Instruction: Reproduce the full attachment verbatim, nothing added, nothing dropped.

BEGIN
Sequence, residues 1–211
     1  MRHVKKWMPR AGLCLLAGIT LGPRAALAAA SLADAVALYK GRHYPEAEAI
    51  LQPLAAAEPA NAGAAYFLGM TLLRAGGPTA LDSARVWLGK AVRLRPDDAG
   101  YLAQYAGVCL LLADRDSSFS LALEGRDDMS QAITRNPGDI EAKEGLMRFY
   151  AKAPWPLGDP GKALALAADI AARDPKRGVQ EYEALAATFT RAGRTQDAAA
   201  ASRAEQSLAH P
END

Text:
Sequence, residues 1–211
     1  MRHVKKWMPR AGLCLLAGIT LGPRAALAAA SLADAVALYK GRHYPEAEAI
    51  LQPLAAAEPA NAGAAYFLGM TLLRAGGPTA LDSARVWLGK AVRLRPDDAG
   101  YLAQYAGVCL LLADRDSSFS LALEGRDDMS QAITRNPGDI EAKEGLMRFY
   151  AKAPWPLGDP GKALALAADI AARDPKRGVQ EYEALAATFT RAGRTQDAAA
   201  ASRAEQSLAH P